Now from my limited mechanic skills, I was adamant it was nothing I had done, or related to the oil change. I hadn’t started on the fuel system but I thought that it was a fuel starvation problem or contaminated fuel. The fact the smoke was white and not black indicated fuel issues. I removed the primary fuel filter, and there in the bottom of the collection chamber was what every sailor dreads, the signs of diesel bug. It’s actually a living organism that grows in the water content in the diesel, has a snot like consistency and doesn’t do your fuel system any favours. So all indications were that our fuel was contaminated.
Off to the chandlers where we purchased a 12v pump and a fuel polishing filter and some hose. Next we had to find enough jerry cans to empty our fuel tank. Two days later, the fuel had been emptied, cleaned and polished and was looking good. A check of the interior of the tank was pleasing, NO BUG! It looks like that the only bit of bug we had was in the bottom of the primary fuel filter casing. The fuel was returned to the tank. With new fuel filters fitted and the system bled we should be good to go. Ignition on, starter engaged……………Not starting. Try again…….nothing. Fuel was getting to the high pressure pump but no further!
The following day I spoke with a local mechanic who said it could be the high pressure fuel pump that was blocked. Specialist tools required, testing etc = big bill. And if it needed replacing €2776.00!!! What?
As luck would have it the following morning a boat near to us which had been vacant all winter had someone moving around. A neighbour mentioned they’d heard the owner was a mechanic. The sun was shining that day, yes he was a diesel mechanic with 30yrs experience under his belt. An hour later he was up to his armpits sucking diesel, blowing here, fiddling with that etc.
The diagnosis was hat the fuel lift pump was not delivering enough fuel and that a replacement would be required. I went online and found a place, not far from where we lived in the UK that had the part. A quick phonecall, a credit card and it was on its way. Only problem was it would take up to two weeks to arrive. No problem, we could get everything else ready to go.
That night we received a family phone call, without going into details here, we had to make a decision. Jen was booking a flight to return to the UK for almost 4 weeks, the longest time we would have to spend apart since we met when we were 16 and 18yrs old. Not something we were looking forward to but needs must.
The earliest flight was booked and we decided I would stay with the boat so when the new part arrives I can do the repair so when Jen returns in August we can more or less set off sailing straight away.
So, that’s where we are to date. I’m sat here on the boat doing a few little jobs and Jen is back in the UK with family. It feels really strange being apart but it’s only for a short time and sometimes you have to put other people’s needs before your own. I can’t wait for her to get back though.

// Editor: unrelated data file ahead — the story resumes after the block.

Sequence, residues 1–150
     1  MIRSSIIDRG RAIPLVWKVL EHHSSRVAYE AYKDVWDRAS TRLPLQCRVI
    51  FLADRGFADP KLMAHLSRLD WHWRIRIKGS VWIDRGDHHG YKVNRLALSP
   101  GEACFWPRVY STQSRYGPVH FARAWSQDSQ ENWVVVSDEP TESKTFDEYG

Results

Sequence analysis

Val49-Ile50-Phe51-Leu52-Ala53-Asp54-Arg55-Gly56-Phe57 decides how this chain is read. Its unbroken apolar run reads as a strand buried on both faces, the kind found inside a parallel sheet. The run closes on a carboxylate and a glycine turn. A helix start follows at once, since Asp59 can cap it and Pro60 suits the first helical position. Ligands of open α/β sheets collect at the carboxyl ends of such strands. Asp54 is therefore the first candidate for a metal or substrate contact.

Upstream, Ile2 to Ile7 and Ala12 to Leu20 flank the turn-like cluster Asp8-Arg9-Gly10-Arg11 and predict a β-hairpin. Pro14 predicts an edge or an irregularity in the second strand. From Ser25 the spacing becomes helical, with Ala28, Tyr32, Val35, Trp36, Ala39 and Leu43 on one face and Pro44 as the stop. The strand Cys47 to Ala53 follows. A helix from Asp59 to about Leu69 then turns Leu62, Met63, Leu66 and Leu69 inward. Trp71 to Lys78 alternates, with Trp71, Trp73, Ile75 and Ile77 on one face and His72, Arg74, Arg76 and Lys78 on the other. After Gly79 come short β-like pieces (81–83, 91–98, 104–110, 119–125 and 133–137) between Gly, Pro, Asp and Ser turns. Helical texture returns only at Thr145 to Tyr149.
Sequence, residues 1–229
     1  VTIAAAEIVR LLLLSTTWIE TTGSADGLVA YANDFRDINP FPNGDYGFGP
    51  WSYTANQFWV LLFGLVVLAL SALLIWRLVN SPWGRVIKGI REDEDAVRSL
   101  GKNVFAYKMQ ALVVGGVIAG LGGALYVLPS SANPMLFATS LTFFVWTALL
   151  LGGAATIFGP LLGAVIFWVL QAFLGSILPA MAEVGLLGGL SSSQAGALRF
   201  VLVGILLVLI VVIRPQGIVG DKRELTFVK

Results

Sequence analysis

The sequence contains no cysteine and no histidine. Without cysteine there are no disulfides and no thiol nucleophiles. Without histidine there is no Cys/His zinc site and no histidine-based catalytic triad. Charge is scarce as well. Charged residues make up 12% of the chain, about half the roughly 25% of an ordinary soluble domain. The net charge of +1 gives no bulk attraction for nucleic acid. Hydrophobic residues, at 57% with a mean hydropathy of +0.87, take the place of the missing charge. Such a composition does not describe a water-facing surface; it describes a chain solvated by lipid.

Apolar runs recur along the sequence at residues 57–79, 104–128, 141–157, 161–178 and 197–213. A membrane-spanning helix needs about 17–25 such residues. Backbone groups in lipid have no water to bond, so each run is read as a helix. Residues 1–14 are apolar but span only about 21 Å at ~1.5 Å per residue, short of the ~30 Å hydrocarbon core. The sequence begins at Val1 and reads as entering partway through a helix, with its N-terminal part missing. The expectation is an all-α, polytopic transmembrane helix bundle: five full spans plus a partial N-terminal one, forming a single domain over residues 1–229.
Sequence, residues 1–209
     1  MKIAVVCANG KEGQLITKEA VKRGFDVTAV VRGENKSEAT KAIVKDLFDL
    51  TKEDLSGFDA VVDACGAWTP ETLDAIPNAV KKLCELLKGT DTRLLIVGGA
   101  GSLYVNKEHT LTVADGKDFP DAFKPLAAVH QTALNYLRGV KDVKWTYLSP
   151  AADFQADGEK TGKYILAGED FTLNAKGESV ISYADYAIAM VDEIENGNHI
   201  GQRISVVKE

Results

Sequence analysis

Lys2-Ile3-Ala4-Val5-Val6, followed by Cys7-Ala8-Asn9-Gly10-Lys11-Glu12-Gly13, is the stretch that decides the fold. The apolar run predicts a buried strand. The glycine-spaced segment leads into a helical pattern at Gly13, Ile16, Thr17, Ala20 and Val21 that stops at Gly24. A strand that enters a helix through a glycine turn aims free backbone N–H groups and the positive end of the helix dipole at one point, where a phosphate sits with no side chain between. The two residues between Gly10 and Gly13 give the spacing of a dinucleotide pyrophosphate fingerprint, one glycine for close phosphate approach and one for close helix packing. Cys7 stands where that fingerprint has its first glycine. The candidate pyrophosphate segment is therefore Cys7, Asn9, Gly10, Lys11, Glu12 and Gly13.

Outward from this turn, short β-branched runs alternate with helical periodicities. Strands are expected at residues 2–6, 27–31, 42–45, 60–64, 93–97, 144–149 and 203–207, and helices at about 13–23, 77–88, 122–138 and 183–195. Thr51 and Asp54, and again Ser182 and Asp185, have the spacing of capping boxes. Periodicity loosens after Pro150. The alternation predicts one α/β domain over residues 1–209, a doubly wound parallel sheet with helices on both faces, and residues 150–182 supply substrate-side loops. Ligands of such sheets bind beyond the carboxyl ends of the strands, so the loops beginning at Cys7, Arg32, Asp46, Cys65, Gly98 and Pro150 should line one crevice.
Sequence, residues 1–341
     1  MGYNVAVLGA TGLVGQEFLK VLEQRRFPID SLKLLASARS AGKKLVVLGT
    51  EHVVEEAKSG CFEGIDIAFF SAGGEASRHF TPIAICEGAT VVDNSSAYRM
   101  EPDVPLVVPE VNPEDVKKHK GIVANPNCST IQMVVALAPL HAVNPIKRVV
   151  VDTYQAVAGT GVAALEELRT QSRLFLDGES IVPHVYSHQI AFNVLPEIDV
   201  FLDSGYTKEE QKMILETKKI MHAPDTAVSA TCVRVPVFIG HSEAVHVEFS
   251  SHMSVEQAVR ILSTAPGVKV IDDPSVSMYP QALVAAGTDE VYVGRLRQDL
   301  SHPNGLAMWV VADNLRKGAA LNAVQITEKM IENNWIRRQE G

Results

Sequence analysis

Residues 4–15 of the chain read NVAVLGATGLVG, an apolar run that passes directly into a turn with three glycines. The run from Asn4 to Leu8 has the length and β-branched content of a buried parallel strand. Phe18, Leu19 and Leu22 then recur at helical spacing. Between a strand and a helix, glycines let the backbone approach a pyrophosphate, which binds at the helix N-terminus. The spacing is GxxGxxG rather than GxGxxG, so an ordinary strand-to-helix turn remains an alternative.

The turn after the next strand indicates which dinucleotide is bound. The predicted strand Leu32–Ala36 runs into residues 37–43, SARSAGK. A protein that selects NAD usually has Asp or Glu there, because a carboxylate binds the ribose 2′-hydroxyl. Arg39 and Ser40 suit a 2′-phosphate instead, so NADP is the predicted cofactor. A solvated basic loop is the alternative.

Welcome to the Friday Podcast.
Welcome to the Friday Podcast. Well our podcasts are rolling out now, we are trying for two a week, one on a Monday and one on a Friday.
We are having a lot of fun recording them but could do with a few ideas on topics to cover, that’s where we could do with your help. Comment below, leave a comment on our Carl and Jenny Talk About Facebook page or just email us. Ask us a question or suggest a topic. We’ll be sure to answer everything.
As from next Friday the podcasts will also be available in video form so you can see behind the scenes of how a podcast is made.
Benefits for you:
Listen anywhere on your travels via podcast players
Watch the video when you can for a different experience.
Anyway, here’s todays episode. Hope you enjoy it.
We are really enjoying making these podcasts. As has been said to us, this is the real us. We come across in podcasts as we tend to be in real life. Discover our personalities and how we are with each other on a day to day basis.
In this episode we go to celebrate Burns night in the marina, roll into Carl’s birthday celebration and get down and dirty spillin’ the beans on each other.
Comment below if you’d like to see a video version of future podcasts. Or just topics you want us to talk about!
We are always looking to give our followers more content and enjoyment so we have put together something we have been talking about for some time… yes, we now have in addition to all of our other social media stuff, a Podcast!
Now this is something we have been thinking of doing for quite a while now to add a different aspect to our day to day lives, and to record something that might not always come across in videos.
So after much deliberation we have now posted our first podcast.
What’s different from our podcast in comparison to our video productions, is that our podcasts are going to be a bit more diversified in content, They are not going to be just about our sailing experiences, but more about our view and outlook on life in general.